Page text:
Ms Kinghorn said a lot of the families come from corporate working backgrounds and are either travelling for work and need help, or simply need a break.

"Some have been high net worth, and others have been your 'average family next door'," she said.

Despite being blown away by most of the accommodation she has stayed at, Ms Kinghorn recalls a jaw-dropping moment with one of her more wealthier clients.

"They desperately needed hair ties, and so paid the hotel concierge $300 to drive to the nearest location — an hour away — to pick up a pack worth $5, if that," she said.

Travel nannies are not uncommon. According to comparative website which surveyed 2005 parents, one in three families bring a nanny to join them on holidays.

The research also revealed 35 per cent of Aussie families who've taken the kids on holiday have taken the trip with grandma in tow.

"That's when I also get free time, when we visit grandma on the trips. They usually want to look after their grandkids and that's when I get to do more exploring," Ms Kinghorn said.

The Nanny Collective owner Daria Jelcic said the majority of her agency database of 500 nannies, including Ms Kinghorn, were placed in roles required to travel with families either domestically, internationally or both.

"There is a growing desire for families to have support when they are travelling, both on long-haul flights and then again at their final destination," Mrs Jelcic said. "It gives parents the chance to have an extra set of hands when on the road but also to give them some quality child-free time on their holiday.

"Some of the responsibilities range from organising and settling the children into their accommodation to organising child-based activities during the holiday.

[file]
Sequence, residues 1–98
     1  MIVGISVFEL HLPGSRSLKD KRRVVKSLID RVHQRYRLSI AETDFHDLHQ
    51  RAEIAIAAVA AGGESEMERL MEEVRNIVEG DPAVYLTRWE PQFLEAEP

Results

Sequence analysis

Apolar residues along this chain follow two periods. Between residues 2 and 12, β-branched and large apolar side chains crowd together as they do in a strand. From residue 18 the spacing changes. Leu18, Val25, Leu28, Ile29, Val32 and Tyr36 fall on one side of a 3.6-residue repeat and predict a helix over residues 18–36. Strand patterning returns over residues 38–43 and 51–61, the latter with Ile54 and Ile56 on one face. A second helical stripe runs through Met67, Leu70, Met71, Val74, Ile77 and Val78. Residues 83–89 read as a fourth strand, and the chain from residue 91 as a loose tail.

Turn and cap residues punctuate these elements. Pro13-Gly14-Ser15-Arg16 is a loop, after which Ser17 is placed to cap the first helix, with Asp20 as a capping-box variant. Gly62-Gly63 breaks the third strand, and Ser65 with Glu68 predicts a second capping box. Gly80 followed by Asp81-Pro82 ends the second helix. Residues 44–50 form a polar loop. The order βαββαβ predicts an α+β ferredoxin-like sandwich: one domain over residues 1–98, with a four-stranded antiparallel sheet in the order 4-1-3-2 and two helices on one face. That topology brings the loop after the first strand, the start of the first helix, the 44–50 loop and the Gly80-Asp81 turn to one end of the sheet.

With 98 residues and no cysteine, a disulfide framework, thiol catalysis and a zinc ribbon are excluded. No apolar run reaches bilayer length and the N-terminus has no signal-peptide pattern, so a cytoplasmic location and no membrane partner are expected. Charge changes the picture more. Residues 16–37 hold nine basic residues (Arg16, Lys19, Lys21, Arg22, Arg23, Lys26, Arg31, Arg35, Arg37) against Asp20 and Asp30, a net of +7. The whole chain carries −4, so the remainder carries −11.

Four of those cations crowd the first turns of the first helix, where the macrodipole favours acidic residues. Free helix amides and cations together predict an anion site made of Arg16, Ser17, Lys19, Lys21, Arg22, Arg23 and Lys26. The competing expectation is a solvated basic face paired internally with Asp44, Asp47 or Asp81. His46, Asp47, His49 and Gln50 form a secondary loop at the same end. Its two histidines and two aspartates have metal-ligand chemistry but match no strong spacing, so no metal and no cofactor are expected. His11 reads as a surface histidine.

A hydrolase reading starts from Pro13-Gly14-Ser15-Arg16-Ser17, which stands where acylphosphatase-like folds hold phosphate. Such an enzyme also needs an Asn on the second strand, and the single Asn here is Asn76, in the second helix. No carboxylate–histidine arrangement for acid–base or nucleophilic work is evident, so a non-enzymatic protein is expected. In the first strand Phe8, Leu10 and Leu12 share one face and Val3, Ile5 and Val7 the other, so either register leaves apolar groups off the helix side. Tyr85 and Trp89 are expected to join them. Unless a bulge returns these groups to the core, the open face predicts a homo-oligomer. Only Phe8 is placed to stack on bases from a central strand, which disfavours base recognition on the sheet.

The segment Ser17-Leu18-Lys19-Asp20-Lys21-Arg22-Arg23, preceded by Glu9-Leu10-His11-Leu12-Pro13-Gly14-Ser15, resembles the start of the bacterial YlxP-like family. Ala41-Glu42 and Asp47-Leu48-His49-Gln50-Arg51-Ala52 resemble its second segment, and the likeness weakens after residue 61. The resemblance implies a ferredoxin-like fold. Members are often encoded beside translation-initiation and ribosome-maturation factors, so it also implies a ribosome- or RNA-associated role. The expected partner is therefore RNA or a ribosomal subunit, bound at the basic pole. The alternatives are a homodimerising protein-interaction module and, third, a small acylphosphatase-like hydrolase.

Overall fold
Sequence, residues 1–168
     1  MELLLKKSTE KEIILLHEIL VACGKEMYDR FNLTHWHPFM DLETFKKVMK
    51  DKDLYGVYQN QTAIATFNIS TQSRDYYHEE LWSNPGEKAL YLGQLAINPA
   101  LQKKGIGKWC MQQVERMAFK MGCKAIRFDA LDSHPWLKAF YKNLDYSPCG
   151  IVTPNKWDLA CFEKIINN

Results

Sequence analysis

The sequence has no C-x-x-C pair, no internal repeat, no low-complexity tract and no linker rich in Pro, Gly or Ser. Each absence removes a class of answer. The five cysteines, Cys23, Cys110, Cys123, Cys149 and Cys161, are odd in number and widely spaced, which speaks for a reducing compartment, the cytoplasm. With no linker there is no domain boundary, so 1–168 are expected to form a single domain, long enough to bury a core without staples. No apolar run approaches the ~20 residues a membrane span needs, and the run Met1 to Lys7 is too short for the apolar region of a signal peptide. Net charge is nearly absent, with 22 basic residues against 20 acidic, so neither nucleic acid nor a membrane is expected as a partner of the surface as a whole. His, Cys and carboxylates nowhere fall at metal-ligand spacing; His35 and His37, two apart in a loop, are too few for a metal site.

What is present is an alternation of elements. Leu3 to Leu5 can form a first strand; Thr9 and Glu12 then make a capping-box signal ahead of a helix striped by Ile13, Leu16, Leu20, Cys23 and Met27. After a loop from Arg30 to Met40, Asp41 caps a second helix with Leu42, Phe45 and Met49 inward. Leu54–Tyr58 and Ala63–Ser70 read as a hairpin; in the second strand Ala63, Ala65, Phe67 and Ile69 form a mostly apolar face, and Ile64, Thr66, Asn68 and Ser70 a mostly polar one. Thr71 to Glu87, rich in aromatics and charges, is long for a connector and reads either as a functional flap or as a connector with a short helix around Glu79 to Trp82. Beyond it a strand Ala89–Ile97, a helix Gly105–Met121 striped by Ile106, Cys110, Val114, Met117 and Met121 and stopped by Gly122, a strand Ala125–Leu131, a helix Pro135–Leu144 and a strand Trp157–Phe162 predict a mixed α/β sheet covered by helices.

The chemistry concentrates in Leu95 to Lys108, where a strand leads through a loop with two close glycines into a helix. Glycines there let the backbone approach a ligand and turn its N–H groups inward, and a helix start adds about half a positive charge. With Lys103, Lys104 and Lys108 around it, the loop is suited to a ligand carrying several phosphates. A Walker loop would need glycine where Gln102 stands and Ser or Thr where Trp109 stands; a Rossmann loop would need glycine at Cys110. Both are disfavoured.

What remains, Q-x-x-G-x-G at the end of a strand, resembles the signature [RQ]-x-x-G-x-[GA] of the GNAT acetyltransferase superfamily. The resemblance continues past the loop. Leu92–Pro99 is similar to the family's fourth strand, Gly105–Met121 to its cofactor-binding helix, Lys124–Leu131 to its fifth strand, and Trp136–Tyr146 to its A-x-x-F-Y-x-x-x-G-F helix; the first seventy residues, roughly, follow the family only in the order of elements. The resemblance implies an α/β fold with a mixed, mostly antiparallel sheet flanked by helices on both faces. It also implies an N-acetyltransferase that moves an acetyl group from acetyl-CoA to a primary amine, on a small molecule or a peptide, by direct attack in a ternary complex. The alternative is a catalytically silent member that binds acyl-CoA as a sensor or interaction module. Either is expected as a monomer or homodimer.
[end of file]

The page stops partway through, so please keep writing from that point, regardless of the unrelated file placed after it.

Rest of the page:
"One of the nannies on our database was even responsible for planning a child's birthday party in two different cities as they were not yet sure which would be their next destination."

Vail in Colorado, another one of Sarah's favourite locations. Photo / Supplied
Vail in Colorado, another one of Sarah's favourite locations. Photo / Supplied

She said while travel nanny roles tend to be popular due to their appeal, it comes with great responsibility.

"Many families require care (for the nanny to work) 24/6 and sometimes even more. They work long hours, they can never know what to expect at their next destination, they may need to jump from one environment to the next and yet still have the responsibility of providing continuity and consistency for the little ones."


Mrs Jelcic, who comes from a teaching background, mainly recruits nannies who focus on early childhood education, as the traditional role of a nannies has shifted.

"While the focus is still primarily caring for children, we are finding that families' needs are changing and when they can, they like to combine the responsibility of educating children (academically — tutoring, teaching), managing busy households and acting as personal assistants to parents," she said.

"Most parents of younger children like for the nanny's sole focus to be the care and engagement of their child however once the children reach school age (and have their music classes and sports training to attend) parents begin looking more for someone who can manage the day-to-day schedules, while of course ensuring that the children are safe, well cared for and enjoying themselves."